Tuesday, August 12, 2008


One of the perks of retirement is the absence of schedule. Days unfettered by time restraints offer opportunities for retirees to explore new towns, travel to places on day trips or week-ends – small adventures that break the routine we develop to make ourselves feel more stable and anchored in this life. I think that people who remain healthy balance routine with peripatetic activity, and I’ve done much wandering since the age of 11 when my father sold all our worldly goods and set out for Diddy Wah Diddy (California) back in the 40’s.

At that time, RVs were almost unknown, and we packed camping equipment, our clothing, and a few dishes and pots in a gray utility trailer, and set out for the West. We were to be gypsies, according to my father, and we gypsied for three months before he admitted that we needed a bit more stability in our lives. All of my siblings, save one who is now deceased, have had periods of wanderlust that equaled my father’s, but we do thrive best on a stable routine. I like the small respites – day, week-end, or week adventures that show me new wonders but don’t cause me to lapse into long “I’d rather be home” trips.

If you travel often throughout the South, you’ve probably seen enough Lookout Mountain signs, and I’ve certainly read my fill, traveling up and down the road between Louisiana and Tennessee. After seeing so many of those ubiquitous signs during my stay at Sewanee, I decided to see Lookout Mountain, to find out why so many billboards touted this tourist spot.

Near Chattanooga, TN, this high plateau peaks at Lookout Mountain and is surrounded by steep bluffs that slope down to the base of the mountain. Actually, the name Chattanooga is the Creek Indian word for Lookout Mountain. The mountain became a refuge for Confederate soldiers following the Civil War, and tourists began to travel to Lookout Mountain in 1868. They’d travel to Chattanooga by train, hire a buggy, and ride four hours up the mountain to a place called Whiteside Park, now known as Point Park. The cost of traveling to the peak of Lookout Mountain and returning was $2. A second road was built, and tourism began in earnest. In 1886, an incline railway was built up the mountain, and another was constructed in 1895. After WWI, automobile travel to the mountain peak became possible.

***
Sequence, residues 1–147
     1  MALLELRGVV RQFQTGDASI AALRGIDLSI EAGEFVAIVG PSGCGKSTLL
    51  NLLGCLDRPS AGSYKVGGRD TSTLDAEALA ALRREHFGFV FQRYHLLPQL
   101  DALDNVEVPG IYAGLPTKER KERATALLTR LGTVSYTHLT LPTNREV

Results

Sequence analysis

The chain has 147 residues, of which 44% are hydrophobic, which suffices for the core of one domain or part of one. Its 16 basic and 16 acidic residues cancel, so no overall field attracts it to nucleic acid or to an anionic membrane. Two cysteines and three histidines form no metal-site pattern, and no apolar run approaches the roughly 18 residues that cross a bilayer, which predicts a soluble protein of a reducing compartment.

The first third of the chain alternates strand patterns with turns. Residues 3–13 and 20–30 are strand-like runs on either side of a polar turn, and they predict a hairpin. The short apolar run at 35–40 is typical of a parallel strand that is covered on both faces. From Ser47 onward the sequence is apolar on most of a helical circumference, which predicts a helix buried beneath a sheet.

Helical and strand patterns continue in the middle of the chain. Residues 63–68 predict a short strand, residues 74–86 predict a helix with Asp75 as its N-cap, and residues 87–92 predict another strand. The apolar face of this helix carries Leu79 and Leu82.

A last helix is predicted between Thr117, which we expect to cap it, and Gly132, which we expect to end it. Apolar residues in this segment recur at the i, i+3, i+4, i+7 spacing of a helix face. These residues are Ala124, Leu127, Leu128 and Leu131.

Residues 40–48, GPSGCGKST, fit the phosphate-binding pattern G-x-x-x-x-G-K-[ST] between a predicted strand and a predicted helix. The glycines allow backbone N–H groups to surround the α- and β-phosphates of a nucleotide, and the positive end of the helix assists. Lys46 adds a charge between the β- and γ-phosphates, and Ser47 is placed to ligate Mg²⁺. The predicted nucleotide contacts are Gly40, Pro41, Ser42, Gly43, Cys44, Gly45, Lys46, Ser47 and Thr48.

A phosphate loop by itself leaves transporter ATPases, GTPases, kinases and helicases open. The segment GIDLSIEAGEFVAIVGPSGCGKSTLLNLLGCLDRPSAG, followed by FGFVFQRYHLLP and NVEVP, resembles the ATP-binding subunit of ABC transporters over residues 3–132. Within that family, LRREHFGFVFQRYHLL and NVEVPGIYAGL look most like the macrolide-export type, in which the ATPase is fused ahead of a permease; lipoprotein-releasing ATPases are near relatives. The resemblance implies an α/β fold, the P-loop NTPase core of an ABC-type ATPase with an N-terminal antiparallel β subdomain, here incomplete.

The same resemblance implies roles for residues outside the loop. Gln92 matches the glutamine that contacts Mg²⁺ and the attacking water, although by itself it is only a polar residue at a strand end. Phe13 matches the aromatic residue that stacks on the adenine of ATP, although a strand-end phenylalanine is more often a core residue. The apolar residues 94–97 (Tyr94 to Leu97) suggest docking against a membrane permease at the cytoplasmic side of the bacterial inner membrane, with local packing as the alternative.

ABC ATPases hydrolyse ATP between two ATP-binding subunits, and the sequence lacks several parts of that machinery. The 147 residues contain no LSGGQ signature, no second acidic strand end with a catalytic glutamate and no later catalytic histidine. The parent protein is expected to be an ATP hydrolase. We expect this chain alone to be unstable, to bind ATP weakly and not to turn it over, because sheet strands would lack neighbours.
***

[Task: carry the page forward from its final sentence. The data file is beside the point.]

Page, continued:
In 1932, a man named Garnet Carter moved to the mountain and began a development on an overlook from which seven states could be seen. His wife Frieda created a trail and rock garden, and Garnet got the idea to form a tourist spot called Rock City --hence, the famous phase, “See Rock City.” During WWII, Lookout Mountain attracted more and more tourists and by the late 1980’s, the acceleration in tourists to Lookout Mountain caused Chattanooga to spiff up its downtown and to promote Lookout Mountain attractions. The Lookout Mountain/Chattanooga area is a beautiful environment, and I enjoyed the view from a place called Chanticleer Inn atop the plateau. In fact, what I got most is what I get most when I tour sites in TN: it’s called “the bluff view.” Here’s a poem I wrote following this week-end respite:

Everyone should leave home for a day,
rent a room in an inn atop a bluff,

a room enclosed in drapes spotted with roses,
mahogany bedsteads, white medallion spreads,

Outdoors, a courtyard fountain, stone birds pouring water into utter serenity,
and beside the cottage, clusters of white impatiens blooming in shade.

Here, a day away from keeping the face of my own cottage,
a quiet afternoon, windows open to light and unknown neighbors,

reading, napping, unafraid of rest, spending a day in Eden
where spirit needs only the nurture of a room in an inn

atop a bluff overlooking stretches of open countryside,
the valley below reminiscent of the calm Pacific

near Carmel on a placid day, the air of Fall languidly defining
…the elegance of freedom and leisure.

P.S. I will be on a short vacation in lake country, FL for a week.

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